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Posted Oct 27, 2013, 5:20 pm
SURPRISE – Among several dozen people attending an Arizona Fall League game here recently, Mike Biggs, a snowbird from Victoria, British Columbia, was watching Seattle Mariners prospects playing for the visiting Peoria Javelinas.
“It’s just fun to see the young kids coming up, because generally that’s who you’re getting: top picks,” he said.
His wife, Trudy, estimated that the couple attends about a dozen games during the six-week Fall League season, spending roughly $1,000 on tickets, including those for friends. When they purchased their winter home, they chose Peoria based on its proximity to the Mariners’ training facility.
“We mostly go to Javelinas games, mostly due to the convenience factor because the park is quite close for us,” Trudy said.
Every October, 210 minor league players move to the Phoenix area to play on six teams comprised of talent from every Major Leage Baseball franchise. Their goal: impressing their organizations’ management and perhaps the many scouts from other teams evaluating talent.
Fall League games, played at spring training facilities, are so intimate that it’s possible for those in the stands to hear on-field chatter and vice-versa. Many of the people watching the games are scouts holding radar guns and scribbling notes on clipboards, but there also are die-hard fans, autograph-seekers and families seeking inexpensive fun.
No one is saying the Fall League is a major contributor to the economy, but between hotels, car rentals and other living expenses by teams and players and expenditures by fans it’s another way the Valley benefits from being a year-round baseball venue.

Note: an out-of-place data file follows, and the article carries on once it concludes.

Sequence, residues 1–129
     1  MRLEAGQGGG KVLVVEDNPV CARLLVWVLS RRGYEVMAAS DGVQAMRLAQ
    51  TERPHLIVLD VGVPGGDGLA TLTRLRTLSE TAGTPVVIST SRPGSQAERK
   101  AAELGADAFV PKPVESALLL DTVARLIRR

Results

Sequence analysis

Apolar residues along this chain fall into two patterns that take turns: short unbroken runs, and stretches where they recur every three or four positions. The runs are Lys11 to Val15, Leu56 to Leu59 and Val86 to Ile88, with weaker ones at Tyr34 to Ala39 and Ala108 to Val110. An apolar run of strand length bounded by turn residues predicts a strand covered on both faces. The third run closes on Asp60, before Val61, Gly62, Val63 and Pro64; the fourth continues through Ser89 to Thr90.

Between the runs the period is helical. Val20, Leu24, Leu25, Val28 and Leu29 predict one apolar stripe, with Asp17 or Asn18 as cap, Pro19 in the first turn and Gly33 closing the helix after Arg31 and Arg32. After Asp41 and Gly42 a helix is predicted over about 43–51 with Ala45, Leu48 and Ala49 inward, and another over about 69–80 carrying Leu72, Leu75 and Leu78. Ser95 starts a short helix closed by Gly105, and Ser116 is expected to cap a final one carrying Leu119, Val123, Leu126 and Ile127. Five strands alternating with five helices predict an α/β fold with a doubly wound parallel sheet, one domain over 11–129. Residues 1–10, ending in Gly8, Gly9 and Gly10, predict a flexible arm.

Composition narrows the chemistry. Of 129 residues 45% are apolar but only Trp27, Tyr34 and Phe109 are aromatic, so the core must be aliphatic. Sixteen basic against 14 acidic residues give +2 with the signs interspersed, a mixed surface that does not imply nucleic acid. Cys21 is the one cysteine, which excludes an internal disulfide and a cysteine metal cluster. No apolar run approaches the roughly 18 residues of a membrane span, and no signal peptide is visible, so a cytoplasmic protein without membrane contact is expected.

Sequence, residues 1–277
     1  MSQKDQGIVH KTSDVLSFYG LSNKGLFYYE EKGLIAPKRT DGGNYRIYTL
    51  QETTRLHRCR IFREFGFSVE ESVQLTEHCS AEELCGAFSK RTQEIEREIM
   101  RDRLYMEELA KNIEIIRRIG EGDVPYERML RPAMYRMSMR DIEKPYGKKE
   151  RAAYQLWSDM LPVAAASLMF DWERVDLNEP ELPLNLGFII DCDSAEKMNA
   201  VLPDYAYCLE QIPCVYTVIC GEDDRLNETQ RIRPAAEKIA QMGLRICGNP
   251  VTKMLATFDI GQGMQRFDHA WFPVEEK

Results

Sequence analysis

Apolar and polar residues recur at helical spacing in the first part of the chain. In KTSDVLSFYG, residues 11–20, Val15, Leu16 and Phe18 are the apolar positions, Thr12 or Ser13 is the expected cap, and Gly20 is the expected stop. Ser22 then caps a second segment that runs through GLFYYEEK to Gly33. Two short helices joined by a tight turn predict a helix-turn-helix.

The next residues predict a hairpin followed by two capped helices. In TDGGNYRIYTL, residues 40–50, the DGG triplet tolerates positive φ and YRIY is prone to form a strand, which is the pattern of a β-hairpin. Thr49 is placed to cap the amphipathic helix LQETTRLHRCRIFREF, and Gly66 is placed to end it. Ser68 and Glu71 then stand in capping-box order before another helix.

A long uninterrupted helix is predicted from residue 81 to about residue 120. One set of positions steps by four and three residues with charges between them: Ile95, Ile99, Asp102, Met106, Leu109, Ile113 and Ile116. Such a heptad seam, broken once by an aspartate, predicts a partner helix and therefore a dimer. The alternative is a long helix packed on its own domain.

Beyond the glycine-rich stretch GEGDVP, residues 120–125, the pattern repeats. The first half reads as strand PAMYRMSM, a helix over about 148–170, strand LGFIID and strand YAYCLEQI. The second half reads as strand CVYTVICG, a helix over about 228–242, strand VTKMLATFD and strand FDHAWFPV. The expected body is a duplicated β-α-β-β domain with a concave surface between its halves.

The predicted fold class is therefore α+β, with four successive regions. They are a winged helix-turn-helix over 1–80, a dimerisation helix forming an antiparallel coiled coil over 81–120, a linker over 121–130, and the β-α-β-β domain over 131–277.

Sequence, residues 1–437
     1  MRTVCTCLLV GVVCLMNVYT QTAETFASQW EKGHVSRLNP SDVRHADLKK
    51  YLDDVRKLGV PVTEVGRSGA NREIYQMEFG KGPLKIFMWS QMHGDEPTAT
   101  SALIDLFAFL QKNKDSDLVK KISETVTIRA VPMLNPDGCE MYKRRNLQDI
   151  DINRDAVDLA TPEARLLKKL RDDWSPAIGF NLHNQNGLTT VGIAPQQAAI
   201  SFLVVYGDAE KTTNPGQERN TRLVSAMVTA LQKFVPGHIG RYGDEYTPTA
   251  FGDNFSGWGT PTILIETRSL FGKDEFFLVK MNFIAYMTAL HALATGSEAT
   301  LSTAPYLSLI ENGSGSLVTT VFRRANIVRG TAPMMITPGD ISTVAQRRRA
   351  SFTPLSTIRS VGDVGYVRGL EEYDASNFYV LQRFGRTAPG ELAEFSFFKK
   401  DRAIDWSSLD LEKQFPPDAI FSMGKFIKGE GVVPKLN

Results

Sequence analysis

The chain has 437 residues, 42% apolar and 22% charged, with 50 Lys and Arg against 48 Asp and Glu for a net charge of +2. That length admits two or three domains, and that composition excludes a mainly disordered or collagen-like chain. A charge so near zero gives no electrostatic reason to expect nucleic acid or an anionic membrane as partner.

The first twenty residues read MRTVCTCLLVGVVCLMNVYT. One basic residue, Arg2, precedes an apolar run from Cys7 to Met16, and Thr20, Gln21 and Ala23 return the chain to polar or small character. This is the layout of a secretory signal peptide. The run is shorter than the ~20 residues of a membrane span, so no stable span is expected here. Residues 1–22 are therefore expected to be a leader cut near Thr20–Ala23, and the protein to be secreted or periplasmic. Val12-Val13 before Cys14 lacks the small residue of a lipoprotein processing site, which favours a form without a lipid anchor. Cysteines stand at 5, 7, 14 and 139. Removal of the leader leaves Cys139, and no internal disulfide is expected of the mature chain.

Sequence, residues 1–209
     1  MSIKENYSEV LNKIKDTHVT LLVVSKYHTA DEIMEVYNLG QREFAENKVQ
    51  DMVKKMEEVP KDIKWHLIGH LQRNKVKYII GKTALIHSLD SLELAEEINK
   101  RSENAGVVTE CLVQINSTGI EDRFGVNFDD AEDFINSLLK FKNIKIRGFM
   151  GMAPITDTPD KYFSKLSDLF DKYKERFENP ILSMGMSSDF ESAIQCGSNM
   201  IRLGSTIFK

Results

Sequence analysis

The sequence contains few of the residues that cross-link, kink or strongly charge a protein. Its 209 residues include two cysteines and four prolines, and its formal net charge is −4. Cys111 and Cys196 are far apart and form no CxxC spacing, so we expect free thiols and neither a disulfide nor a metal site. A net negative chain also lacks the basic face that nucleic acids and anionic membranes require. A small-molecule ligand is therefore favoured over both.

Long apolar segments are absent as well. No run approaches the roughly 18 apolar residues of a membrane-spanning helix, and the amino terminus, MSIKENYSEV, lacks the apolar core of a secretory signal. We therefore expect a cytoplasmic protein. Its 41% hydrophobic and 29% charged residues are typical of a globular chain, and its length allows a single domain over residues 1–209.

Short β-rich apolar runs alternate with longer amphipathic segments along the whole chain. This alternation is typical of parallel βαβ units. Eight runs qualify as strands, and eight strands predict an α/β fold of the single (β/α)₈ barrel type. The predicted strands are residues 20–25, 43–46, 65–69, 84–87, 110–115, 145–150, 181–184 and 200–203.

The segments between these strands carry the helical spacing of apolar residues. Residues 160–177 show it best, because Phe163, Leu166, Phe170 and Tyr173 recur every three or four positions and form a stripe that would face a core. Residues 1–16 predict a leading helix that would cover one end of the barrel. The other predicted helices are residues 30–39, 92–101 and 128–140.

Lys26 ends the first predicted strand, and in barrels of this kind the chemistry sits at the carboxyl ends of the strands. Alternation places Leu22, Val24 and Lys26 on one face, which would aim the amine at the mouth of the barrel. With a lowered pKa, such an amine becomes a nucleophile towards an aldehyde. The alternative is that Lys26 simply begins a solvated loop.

Tom Rex, associate director of the Center for Competitiveness and Prosperity Research at Arizona State University’s W.P. Carey School of Business, said the Fall League provides more publicity for the state and brings in some baseball tourists, even though attendance is much smaller than during spring training.
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“You want as broad an economic piece as you can have in any community,” Rex said. “As many little pieces of it as you can have the better, as long as there is a net benefit.”
“In the case of the Fall League there is a net benefit,” he added. “It’s just that it’s not very large.”
Steve Cobb, director of the Arizona Fall League, said there have been small but steady increases in attendance over the past few years even though the league doesn’t have a designated marketing budget. The Fall League competes against the other professional sports teams in the Valley and ASU athletics for ticket sales, he noted.
Special events like a Fall Stars Game and military appreciation game draw bigger crowds, Cobb said.
“Day in, day out, if you come to Fall League games enough, it tends to look like many of the same people coming to a lot of games – that’s not true, but it looks that way,” he said. “It’s a lot of autograph seekers and people who really enjoy baseball.”
Last year, the nonprofit Cactus League Baseball Association released a study by Elliott D. Pollack & Co., a Scottsdale-based consulting firm, that estimated the economic impact of spring training facilities beyond the Cactus League schedule at $210 million annually.
Mark Coronado, community and recreation services director for Surprise and Cactus League Baseball Association president, said that the Fall League’s impact is based primarily on the number of players, coaches and visitors.
“It’s the only time during the 12-month period that all 30 major league baseball teams are in one location,” he said.
Cobb said that in addition to attracting baseball tourists, the Fall League pays to rent and utilites at facilities, contracts buses for away games, hires concessionaires and pays sales taxes on merchandise.
He said that 60 to 70 percent of players in the Fall League make it to the major leagues one or two seasons after playing in Arizona, a figure significantly higher than that of minor league teams.
“This is really a look at the next wave of major league players,” Cobb said. “These are the new players that are coming into the system that will make it.”